President Obama signed Executive Order 13491 in January 2009 to prohibit the CIA from holding detainees other than on a “short-term, transitory basis” and to limit interrogation techniques to those included in the Army Field Manual. However, these limitations are not part of U.S. law and could be overturned by a future president with the stroke of a pen.

The committee recommends giving that executive order the force of law through proper legislation. I anticipate the introduction of a well-intentioned bill that goes nowhere.

Juneteenth Comes Again

I forgot Juneteenth again this year. Again, Andy Hall reminded me. This is a small reworking of what I wrote last year on the subject.

What’s Juneteenth? Today in 1865, the Union general who had just taken charge of Galveston and assumed the military governorship of Texas, issued an order that “in accordance with a proclamation from the Executive of the United States, all slaves are free.” This surprised no one, since the arrival of the Union army had meant freedom in fact since fairly early on the war and in law since the Emancipation Proclamation. But it mattered in that as of that date not a single slave remained in the United States.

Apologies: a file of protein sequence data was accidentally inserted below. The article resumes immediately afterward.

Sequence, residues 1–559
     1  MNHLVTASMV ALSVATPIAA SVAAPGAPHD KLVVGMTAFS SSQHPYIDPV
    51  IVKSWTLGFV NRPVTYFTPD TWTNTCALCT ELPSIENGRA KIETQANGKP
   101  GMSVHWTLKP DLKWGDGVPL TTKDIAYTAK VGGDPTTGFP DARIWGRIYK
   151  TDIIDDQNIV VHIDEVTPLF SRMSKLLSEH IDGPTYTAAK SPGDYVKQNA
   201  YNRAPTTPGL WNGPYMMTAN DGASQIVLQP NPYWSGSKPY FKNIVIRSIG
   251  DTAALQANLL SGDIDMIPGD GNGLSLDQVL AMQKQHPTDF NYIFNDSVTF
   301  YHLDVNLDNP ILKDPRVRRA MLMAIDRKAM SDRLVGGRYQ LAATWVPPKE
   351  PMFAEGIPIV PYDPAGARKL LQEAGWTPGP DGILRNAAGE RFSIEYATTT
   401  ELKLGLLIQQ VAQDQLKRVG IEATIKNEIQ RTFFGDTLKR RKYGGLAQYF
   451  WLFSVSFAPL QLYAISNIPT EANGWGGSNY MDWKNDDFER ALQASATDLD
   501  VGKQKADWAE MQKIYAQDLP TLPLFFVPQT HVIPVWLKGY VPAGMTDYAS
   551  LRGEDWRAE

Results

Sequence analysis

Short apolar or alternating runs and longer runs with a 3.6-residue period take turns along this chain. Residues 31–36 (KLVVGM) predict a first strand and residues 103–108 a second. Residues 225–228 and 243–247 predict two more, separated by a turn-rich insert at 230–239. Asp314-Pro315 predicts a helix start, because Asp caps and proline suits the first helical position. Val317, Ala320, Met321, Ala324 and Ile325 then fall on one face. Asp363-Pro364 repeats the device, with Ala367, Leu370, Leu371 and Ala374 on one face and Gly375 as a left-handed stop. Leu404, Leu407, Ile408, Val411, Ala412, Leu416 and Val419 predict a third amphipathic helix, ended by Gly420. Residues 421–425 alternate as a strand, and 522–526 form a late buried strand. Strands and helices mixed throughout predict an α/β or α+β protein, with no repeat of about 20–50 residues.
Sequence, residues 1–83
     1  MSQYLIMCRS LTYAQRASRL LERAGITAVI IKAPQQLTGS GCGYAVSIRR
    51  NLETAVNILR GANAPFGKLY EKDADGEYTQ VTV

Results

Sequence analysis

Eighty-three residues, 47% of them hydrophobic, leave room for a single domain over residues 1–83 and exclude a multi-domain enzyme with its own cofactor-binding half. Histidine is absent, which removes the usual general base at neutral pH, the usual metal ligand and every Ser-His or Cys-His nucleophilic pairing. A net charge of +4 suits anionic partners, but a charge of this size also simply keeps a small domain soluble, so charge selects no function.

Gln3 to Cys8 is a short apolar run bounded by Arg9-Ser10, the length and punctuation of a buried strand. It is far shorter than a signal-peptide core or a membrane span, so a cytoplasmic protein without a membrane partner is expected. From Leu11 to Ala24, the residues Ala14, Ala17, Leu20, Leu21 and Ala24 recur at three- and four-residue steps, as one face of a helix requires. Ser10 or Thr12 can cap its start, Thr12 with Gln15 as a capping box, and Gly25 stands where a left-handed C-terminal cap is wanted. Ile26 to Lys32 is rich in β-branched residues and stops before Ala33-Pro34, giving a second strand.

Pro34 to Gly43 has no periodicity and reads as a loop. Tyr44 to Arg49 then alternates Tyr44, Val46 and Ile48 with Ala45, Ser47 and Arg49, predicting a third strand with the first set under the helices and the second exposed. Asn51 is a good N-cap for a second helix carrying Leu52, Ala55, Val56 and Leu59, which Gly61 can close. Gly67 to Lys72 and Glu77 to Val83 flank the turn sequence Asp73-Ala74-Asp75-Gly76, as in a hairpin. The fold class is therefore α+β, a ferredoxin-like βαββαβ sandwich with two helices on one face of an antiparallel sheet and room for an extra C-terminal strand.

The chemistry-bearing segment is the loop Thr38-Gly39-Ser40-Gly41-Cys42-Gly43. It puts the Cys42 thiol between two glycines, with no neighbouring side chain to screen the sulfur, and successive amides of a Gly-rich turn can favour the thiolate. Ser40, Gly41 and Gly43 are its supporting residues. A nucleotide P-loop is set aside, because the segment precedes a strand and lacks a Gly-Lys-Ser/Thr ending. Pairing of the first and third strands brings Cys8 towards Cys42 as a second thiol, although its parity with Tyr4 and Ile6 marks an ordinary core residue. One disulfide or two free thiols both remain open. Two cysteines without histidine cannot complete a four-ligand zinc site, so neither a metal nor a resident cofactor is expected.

If national holidays express something about national values, or at least what the nation wants its values to seem like, why have we not made Juneteenth one of them? I always hear about how the United States is a free country. Americans love their freedom. Doesn’t the literal end of slavery in America count as freedom?

I never heard of the holiday until the internet told me about it a few years back. One would think that a nation so obsessed with freedom would treat it, or maybe the day of the Emancipation Proclamation, as a second Fourth of July. I’m not a patriotic person; most of the flag waving celebrations leave me cold. But even I know when it’s the Fourth. My state recognizes Juneteenth, as do forty-one others, but we can probably all see how much that has done to raise its profile.

I suppose it gets ignored for the same reason we ignore Emancipation Day. To make a national fuss over it would require us to grapple with slavery and own up to freedom as a kind of national project, not a crystallized perfection handed down from men in powdered wigs.

The Missing Post from Friday

Gentle Readers, I screwed up.

There should have been a post Friday. I wrote it Thursday afternoon, scheduled it, and then noticed almost immediately that it posted at once instead of Friday. So I deleted the public post and rescheduled it. Not a big deal. It was up for maybe five minutes.